Can this crew demonstrate real value to payers, or are they living in the ‘90s? I’m amazed by how many biotech executives seem to cling to strategies of the past. They seem to think all they need to do is win FDA approval of a new drug, set the price wherever they want, and count the money. These companies ignore that the Affordable Care Act is established law in the U.S., and skyrocketing healthcare costs are putting tremendous pressure on insurers to save money wherever they can. Biotech companies need to figure out how to prove their products are not just effective, but cost-effective. The healthcare world has changed, and biotech companies need to change with it. “Insured patients were once largely shielded from health care costs,” Dombkowski says. “But health insurance re-design is leading to higher co-payments and more patients with higher deductibles. In an increasingly consumer-driven system, price transparency for patients and caregivers will be ubiquitous, outcomes will be measured with unforgiving precision, and comparative assessments of value will be the rule not the exception. The company’s product better be able to stand up to that kind of scrutiny. Better yet, it should benefit from that kind of scrutiny by so obviously outperforming legacy interventions.”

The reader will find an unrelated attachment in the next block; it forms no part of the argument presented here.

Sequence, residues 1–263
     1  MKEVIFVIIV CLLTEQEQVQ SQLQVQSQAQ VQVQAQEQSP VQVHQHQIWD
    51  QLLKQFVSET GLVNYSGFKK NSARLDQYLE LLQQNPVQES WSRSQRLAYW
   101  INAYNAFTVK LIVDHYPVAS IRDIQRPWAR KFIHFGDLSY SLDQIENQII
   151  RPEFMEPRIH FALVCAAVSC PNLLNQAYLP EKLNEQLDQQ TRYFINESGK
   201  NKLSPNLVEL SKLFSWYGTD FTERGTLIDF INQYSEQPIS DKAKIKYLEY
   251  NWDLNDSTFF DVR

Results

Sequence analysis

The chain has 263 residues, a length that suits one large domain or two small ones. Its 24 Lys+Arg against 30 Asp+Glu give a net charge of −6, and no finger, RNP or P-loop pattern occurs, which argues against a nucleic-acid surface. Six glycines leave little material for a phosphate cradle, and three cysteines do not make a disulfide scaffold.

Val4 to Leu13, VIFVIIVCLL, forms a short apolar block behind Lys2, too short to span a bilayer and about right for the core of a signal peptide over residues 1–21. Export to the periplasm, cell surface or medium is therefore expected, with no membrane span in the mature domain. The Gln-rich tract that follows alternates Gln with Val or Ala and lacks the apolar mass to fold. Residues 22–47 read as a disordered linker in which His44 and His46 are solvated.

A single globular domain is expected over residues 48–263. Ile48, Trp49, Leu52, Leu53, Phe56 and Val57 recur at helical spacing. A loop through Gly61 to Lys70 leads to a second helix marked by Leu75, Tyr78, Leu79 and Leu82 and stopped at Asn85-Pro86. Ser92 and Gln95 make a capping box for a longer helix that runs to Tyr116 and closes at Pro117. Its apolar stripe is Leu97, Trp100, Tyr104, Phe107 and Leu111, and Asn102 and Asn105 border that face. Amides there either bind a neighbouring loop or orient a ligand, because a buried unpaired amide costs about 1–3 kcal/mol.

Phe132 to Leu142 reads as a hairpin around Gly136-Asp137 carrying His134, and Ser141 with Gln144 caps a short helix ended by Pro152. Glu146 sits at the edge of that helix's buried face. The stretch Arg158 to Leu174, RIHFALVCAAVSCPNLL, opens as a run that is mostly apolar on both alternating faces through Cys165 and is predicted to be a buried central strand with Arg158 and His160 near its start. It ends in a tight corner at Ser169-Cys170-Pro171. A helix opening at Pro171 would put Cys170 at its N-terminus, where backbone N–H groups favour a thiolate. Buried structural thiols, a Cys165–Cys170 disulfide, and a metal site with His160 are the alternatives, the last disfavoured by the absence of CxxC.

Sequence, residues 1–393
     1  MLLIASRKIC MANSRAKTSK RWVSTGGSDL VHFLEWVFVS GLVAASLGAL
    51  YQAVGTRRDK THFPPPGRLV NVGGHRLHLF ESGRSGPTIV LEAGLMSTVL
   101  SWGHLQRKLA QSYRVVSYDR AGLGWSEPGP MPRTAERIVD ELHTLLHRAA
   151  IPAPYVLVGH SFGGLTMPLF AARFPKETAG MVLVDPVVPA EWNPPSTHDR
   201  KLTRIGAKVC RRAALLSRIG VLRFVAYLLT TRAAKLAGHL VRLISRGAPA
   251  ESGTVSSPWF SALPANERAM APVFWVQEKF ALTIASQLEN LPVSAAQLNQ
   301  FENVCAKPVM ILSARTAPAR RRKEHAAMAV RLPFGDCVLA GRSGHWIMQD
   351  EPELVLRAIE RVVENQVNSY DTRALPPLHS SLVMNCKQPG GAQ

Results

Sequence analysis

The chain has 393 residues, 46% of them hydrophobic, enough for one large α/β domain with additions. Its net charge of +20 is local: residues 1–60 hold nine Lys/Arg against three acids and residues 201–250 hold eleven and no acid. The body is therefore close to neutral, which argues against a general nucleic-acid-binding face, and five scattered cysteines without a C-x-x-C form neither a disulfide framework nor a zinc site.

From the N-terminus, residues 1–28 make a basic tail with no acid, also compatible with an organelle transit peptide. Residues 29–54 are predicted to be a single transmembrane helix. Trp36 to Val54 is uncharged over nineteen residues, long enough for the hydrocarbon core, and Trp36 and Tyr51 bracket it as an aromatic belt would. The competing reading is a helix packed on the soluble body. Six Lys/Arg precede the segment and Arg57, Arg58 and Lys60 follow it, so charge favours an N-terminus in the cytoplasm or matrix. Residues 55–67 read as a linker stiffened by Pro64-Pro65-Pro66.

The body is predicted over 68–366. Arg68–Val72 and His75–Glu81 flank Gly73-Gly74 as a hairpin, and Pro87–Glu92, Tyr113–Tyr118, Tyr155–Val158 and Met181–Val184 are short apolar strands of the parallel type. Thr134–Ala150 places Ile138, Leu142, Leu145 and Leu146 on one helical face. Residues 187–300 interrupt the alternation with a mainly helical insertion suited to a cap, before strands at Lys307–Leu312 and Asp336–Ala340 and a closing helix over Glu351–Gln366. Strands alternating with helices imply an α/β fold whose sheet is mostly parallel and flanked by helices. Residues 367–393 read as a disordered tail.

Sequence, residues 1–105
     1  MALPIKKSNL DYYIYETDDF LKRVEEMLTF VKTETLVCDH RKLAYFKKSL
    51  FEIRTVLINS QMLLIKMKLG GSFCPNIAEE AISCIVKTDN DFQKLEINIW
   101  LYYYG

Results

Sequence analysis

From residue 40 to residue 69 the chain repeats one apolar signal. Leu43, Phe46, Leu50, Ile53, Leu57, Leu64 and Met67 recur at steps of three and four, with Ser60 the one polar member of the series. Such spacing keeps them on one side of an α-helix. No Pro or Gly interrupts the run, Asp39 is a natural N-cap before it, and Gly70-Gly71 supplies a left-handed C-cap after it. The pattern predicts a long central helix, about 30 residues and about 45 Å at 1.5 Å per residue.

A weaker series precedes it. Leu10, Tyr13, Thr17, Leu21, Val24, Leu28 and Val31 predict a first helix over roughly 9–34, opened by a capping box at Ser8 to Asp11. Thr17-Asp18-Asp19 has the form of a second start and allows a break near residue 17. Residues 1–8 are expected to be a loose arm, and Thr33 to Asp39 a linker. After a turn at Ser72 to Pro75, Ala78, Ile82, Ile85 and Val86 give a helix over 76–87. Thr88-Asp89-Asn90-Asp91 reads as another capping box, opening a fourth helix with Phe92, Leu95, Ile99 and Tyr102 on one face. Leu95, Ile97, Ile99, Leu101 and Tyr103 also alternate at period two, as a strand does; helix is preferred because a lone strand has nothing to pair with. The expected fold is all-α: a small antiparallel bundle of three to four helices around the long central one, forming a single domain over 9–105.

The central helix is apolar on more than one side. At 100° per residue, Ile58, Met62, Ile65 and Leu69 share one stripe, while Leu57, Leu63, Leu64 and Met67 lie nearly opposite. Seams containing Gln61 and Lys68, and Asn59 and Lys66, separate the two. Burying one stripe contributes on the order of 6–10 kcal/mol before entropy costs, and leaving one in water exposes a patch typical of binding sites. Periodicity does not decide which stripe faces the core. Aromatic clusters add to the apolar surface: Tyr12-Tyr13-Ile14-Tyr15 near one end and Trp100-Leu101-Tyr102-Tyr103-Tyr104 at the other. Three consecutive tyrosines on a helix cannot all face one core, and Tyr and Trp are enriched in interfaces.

Companies that can’t explain how they’ll make money for investors: Sometimes people get so wrapped up in the science and clinical trial plans, that they lose sight of an ability to explain how this will provide a tangible return on investment. “If a timeline to commercialization is not evident, you might as well be donating your money to an expensive science project,” says Loncar. “While there isn’t necessarily anything wrong with that, you shouldn’t confuse a good cause with a good investment.”
Lack of focus: Biotech companies, especially in their early days, often get drunk on their own hype, thinking anything is possible, and they can cure just about every disease under the sun with their new technology. They can’t. Is this a company with eight new drug candidates in Phase II? That’s OK if you’re Amgen or Genentech, but does a little company really think they can execute on that many programs? There’s only so much time and money, and by the way, biology is still incredibly mysterious. No company can do everything. Focus is a must. “While there are times when multiple programs are a sign of strength—I think of great companies like Moderna, Adimab, etc.—there are also plenty of sad stories about companies that parallel processed so many activities or programs that they blew through capital without advancing anything well,” Dombkowski says.
Focus on the wrong thing: If a company is concentrating on some new innovation for pancreatic cancer or Duchenne Muscular Dystrophy, that’s one thing. Those are deadly and debilitating diseases crying out for innovative new therapies. If the company is … Next Page »